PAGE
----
Herniation of cerebellar tonsils (CTH) might occur in acromegaly patients and improve after acromegaly treatment. Our study investigated CTH prevalence in acromegaly, its relationship with clinical, laboratory and neuroimaging findings and its possible pathogenesis and clinical impact. 150 acromegaly patients (median-age 56 years, age-range 21-88, 83 females) underwent brain magnetic resonance imaging (MRI). Clinical data, laboratory and pituitary adenoma imaging findings were recorded. CTH, posterior cranial fossa area, tentorial angle, clivus, supraocciput and Twining's line length were measured in acromegaly patients and controls, who included MRI of 115 consecutive subjects with headache or transient neurological deficits (control group-1) and 24 symptomatic classic Chiari 1 malformation patients (control group-2). Acromegaly patients were interviewed for symptoms known to be related with CTH. 22/150 acromegaly patients (15 %) and 8/115 control group-1 subjects presented with CTH (p = 0.04). In acromegaly patients, CTH correlated positively with younger age and inversely with GH-receptor antagonist treatment. Control group-2 had a shorter clivus than CTH acromegaly patients (40.4 ± 3.2 mm vs 42.5 ± 3.3 mm, p <0.05), while posterior fossa measures did not differ among acromegaly subgroups (with and without CTH) and control group-1. Headache and vision problems were more frequent in CTH acromegaly patients (p <0.05); two acromegaly patients presented with imaging and neurological signs of syringomyelia. Despite no signs of posterior fossa underdevelopment or cranial constriction, CTH is more frequent in acromegaly patients and seems to contribute to some disabling neurological symptoms.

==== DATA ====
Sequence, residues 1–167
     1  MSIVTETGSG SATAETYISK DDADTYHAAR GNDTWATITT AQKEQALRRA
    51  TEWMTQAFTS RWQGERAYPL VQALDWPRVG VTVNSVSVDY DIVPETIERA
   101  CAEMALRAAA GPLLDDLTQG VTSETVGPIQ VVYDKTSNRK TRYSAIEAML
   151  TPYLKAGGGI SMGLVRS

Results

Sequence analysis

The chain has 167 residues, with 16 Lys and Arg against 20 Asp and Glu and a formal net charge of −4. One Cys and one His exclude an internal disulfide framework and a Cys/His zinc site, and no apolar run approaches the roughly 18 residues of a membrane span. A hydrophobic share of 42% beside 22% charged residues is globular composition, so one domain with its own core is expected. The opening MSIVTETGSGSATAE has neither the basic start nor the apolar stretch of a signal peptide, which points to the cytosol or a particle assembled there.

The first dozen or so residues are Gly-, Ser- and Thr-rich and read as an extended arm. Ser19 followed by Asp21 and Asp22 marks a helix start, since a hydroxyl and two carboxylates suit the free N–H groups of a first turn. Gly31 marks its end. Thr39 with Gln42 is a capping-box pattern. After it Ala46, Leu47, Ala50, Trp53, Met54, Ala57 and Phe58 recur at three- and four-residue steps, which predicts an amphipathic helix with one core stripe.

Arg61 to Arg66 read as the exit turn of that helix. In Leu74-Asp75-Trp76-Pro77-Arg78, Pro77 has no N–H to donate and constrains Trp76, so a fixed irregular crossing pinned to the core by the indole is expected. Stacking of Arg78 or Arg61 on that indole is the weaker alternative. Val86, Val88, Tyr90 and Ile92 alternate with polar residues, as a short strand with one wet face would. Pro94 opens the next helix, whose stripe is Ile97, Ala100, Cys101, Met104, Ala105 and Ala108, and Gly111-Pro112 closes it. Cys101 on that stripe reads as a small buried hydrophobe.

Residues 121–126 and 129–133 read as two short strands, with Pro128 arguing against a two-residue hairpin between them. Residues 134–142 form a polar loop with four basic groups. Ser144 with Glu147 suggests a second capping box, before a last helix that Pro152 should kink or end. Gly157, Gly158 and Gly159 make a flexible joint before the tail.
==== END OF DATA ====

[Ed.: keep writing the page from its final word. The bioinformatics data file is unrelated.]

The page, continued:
- Cerebellar tonsillar herniation
- Chiari malformation type 1
ASJC Scopus subject areas
- Endocrinology, Diabetes and Metabolism